Sunday, November 30, 2008

Movie Review: The Jane Austen Book Club

Photobucket Summary: Lest there be any doubts about the ongoing relevance of the novels of Jane Austen, the charming Jane Austen Book Club will lay them to rest--with wit, sharp insight, and a wicked chuckle or three. Directed by the talented Robin Swicord, who adapted the book by Karen Joy Fowler (and also wrote the crackling screenplay for the 1994 version of Little Women), the film is a modern-day comedy of manners, with deeply felt emotions, repressed feelings, unquenched desire and embarrassing relatives--all staples of Austen works. The film centers on a group of six friends in Sacramento, Calif., who gather to distract themselves from loss (a newly dumped Sylvia, played with grace and quiet pain by Amy Brenneman), repressed disappointment (the prissy teacher Prudie, played by Emily Blunt), or a life of unrealized dreams (Jocelyn, played by Maria Bello, whose acting skills have gained great nuance, both in comedy and drama). All are devoted Austen fans, except the lone man, Grigg (Hugh Dancy, adorable and available, ladies), who has an ulterior motive for joining the chick-lit gang. As the months unfold, we learn about the relationships of all the members, and watch as elements of Austen's novels and characters pop up with enchanting regularity.
There's plenty of pride (Prudie), prejudice (Jocelyn), sense (Sylvia), and sensibility (Sylvia's daughter Allegra, headstrong and reckless in life and love, played by Maggie Grace)--and a fair amount of persuasion (Grigg and Sylvia's caddish ex, Daniel, a smooth Jimmy Smits). As the minuet of relationships and alliances unfolds over the months, the emotions are real and the leavening humor spot-on. About the only thing that doesn't ring true is seeing all these Sacramento women bundled up in shawls, blankets, thick sweaters and extra layers--even in July(!). Still, the film will engage even reluctant Austen readers (if there is such a thing). As Kathy Baker's Bernadette says gaily, "Jane Austen is the perfect antidote to life!" Elizabeth Bennett couldn't have put it better.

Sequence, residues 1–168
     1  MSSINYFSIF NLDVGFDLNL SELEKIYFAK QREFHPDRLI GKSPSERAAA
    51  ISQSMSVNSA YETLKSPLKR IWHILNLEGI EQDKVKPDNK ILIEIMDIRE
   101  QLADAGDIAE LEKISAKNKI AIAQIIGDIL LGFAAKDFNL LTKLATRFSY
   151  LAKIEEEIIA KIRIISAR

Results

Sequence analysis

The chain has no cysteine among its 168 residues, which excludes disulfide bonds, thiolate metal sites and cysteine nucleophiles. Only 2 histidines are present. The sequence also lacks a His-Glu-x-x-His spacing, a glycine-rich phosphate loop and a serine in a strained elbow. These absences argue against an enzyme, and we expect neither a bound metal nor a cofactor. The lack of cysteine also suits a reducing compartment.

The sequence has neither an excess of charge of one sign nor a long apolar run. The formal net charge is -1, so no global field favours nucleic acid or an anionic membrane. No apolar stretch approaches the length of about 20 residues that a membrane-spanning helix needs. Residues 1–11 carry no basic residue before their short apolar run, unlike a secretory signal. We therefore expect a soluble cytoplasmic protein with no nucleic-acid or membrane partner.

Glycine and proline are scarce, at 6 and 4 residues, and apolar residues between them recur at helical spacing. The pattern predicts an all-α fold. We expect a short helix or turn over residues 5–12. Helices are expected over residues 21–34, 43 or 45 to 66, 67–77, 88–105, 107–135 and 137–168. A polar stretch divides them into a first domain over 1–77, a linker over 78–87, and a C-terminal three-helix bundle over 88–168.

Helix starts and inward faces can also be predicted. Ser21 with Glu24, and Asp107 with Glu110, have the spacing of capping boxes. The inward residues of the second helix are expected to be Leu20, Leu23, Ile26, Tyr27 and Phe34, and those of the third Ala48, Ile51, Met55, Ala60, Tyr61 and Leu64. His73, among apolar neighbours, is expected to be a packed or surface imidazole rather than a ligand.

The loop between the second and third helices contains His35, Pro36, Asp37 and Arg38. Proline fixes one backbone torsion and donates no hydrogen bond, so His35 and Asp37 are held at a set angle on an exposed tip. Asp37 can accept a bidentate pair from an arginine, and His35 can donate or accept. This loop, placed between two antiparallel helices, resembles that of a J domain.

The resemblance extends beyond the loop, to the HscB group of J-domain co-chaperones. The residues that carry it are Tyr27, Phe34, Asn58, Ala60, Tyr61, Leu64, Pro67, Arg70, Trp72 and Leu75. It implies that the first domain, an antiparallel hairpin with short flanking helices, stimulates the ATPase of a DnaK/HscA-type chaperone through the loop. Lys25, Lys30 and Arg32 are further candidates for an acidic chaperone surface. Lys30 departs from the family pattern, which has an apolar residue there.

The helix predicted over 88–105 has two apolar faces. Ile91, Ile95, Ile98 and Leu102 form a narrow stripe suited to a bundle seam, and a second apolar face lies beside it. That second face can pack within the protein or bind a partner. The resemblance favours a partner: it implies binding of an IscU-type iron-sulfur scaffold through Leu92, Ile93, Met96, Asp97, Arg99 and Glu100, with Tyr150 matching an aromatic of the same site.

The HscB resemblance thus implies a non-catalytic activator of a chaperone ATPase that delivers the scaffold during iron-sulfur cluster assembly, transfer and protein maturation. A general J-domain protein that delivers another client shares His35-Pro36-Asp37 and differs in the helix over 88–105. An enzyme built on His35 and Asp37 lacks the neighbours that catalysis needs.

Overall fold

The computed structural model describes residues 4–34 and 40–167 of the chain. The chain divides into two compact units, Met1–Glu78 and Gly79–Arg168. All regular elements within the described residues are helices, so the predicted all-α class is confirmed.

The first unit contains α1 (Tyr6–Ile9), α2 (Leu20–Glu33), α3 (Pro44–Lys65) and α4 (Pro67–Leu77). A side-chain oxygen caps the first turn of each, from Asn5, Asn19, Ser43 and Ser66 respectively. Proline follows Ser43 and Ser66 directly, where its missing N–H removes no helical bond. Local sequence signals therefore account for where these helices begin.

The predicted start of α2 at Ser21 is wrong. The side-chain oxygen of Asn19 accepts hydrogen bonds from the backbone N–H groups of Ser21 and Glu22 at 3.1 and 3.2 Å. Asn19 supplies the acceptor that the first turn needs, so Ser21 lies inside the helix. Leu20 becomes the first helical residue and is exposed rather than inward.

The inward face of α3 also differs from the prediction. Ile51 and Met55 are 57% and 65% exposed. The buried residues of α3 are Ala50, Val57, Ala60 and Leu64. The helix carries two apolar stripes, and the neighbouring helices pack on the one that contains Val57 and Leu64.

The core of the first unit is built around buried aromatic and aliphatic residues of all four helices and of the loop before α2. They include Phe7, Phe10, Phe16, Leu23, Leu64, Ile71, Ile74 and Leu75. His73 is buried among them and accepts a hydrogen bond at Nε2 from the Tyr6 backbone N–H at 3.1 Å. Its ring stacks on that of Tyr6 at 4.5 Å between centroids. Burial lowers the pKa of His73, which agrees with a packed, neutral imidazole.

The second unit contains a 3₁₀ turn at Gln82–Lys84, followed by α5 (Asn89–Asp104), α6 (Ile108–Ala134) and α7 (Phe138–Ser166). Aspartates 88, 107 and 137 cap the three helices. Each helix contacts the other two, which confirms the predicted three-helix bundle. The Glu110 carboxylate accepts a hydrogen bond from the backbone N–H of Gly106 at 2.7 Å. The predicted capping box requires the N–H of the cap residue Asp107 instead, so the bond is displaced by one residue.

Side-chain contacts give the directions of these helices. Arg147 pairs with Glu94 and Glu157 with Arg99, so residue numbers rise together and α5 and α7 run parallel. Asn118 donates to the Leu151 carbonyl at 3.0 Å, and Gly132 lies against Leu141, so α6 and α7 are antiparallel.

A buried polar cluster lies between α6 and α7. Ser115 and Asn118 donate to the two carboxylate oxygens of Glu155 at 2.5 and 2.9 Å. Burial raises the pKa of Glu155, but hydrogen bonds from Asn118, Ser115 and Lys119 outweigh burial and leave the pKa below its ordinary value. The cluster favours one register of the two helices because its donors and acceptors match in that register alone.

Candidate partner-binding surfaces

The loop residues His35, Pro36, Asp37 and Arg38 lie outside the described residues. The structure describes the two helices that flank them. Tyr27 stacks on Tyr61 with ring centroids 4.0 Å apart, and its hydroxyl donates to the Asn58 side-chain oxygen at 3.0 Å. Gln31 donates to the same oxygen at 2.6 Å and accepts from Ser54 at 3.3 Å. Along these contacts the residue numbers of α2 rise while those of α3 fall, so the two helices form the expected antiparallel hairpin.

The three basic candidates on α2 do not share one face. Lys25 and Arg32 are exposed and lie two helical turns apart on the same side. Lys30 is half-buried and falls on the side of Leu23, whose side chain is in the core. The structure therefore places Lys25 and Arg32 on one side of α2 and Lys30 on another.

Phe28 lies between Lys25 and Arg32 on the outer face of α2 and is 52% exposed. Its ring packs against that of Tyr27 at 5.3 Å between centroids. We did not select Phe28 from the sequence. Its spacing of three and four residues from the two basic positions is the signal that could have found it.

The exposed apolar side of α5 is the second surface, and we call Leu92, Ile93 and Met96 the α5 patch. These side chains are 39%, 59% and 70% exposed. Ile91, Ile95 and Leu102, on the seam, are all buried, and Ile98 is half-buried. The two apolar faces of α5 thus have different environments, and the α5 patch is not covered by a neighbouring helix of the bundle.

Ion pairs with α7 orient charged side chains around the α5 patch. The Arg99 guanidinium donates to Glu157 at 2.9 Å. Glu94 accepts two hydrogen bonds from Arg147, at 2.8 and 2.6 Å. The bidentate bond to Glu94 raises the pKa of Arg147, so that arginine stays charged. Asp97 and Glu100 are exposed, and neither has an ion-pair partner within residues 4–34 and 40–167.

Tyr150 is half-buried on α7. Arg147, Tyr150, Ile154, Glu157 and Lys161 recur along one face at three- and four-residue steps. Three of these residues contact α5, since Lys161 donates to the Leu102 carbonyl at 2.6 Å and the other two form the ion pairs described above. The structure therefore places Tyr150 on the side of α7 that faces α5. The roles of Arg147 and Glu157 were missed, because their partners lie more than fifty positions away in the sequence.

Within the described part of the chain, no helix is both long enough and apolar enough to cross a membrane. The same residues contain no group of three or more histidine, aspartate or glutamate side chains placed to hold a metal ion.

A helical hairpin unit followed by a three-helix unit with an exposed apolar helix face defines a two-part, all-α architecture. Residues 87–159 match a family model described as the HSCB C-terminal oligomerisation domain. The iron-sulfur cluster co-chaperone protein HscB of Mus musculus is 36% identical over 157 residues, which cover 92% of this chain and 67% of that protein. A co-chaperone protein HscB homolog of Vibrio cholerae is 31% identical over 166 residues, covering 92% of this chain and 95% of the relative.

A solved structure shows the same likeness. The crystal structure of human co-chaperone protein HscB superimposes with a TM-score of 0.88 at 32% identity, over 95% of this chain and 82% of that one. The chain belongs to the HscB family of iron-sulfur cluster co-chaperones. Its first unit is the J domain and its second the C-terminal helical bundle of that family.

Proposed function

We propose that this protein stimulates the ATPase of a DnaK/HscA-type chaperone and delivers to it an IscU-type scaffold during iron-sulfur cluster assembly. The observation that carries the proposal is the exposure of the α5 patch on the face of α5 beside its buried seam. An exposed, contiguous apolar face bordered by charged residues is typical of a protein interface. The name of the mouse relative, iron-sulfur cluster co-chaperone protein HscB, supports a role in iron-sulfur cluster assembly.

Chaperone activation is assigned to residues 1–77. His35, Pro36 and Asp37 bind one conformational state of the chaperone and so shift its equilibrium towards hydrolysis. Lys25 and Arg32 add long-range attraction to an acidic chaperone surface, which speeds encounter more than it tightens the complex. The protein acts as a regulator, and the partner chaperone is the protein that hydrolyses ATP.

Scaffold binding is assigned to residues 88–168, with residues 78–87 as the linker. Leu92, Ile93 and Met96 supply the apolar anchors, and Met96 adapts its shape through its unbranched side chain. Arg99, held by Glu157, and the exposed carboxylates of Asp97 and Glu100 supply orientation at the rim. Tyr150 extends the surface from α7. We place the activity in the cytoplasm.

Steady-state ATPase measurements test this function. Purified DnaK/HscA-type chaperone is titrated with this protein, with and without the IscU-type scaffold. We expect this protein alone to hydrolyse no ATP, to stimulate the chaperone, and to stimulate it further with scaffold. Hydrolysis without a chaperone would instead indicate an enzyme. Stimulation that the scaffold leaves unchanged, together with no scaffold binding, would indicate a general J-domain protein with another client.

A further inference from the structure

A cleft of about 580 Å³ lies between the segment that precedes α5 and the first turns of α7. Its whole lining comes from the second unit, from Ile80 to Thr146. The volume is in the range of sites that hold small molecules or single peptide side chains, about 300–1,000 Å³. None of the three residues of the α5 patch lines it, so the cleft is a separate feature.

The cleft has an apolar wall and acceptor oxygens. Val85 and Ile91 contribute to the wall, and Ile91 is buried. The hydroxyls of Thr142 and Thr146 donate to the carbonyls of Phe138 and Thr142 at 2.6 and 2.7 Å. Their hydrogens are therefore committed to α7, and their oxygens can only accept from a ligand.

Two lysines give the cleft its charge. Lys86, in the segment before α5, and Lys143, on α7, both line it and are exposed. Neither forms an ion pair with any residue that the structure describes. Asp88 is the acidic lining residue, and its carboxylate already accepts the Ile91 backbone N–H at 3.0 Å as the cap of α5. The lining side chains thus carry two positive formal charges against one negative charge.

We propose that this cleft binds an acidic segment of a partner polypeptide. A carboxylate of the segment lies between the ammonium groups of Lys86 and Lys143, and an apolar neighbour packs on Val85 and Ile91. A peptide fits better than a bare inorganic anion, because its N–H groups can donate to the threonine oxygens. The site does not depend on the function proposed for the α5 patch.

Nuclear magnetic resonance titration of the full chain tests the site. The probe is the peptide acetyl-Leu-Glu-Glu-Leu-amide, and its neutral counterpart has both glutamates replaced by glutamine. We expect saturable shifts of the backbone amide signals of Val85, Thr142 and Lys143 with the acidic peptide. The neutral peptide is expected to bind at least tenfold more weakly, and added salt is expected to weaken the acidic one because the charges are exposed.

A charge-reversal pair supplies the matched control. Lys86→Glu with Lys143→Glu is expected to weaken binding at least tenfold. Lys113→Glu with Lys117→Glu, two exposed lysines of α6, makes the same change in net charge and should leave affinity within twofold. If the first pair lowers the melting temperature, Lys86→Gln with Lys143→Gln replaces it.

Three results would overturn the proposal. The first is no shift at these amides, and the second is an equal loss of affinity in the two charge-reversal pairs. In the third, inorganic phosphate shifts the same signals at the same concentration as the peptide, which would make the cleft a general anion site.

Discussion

Movie Review: Another book to movie, where I haven't read the book, but I thought The Jane Austen Book Club sounded like a perfect movie to watch while my husband was out. It indeed was. I was working while watching it, but it's one of those movies that doesn't need your undivided attention to get the gist of it. The cast is excellent and part of the reason I wanted to watch it. The movie itself is a tad predictable but it's not like I didn't expect that when I decided to watch it.

I did like the idea that each book club member chose the Jane Austen book of their liking and how it correlated to what they were going through personally. Again, predictable but enjoyable nonetheless. I've attempted to read Jane Austen's Pride and Prejudice but I couldn't make it through. (I know that's horrible being an avid book reader). I think I prefer the movies based on her novels rather than her novels *ducks the tomatoes being thrown*. I will encourage my daughter to actually read the books because I do want her to understand the language of one of the best female writers ever.

If you are looking for an enjoyable movie to watch while drinking some wine and relaxing, The Jane Austen Book Club is a perfect movie for that and if you don't mind predictability. It might make you want to pick up a Jane Austen book or at least understand the books better.

Movie Final Take: 3/5


Serena November 30, 2008 at 11:58 AM  

I read this book, but haven't watched the movie yet. I'm not sure how I feel about the movie, considering I didn't really like the book.

Jenn November 30, 2008 at 1:17 PM  

Yes, Austin can be very 'wordy'. I read P&P. That was enough.

I think I'd like to see this one on film over paper; it sounds like it might be conceptually better as a film.

Anonymous ,  November 30, 2008 at 4:15 PM  

I read the book then saw the movie - and they were both good. There were some necessary changes, as the novel was less plot-driven, but they kept the essence of the characters.

If you want to try Austen again, try Persuasion. That's my favorite and I think it's easier to get drawn into than P&P, though I love that one, too.

Frankie and Bella December 1, 2008 at 12:23 AM  

I have to say that I found the movie translated so much better for me than the book :) I wasn't really looking forward to the movie after reading the book but I loved the movie! Usually it's the other way round and the book is better but I found that I missed so many little intricacies in the book that I enjoyed in the film

Anonymous ,  December 1, 2008 at 1:51 PM  

I didn't much like the book but thought it translated really well to film! For once, the movie was better than the book!

Jenn May 28, 2009 at 9:31 AM  

I finally got around to watching this... and thought it was okay. I kind of thought it was a little kitsch that their lives reflected the current novel. But a good rainyday chick-flick none the less.

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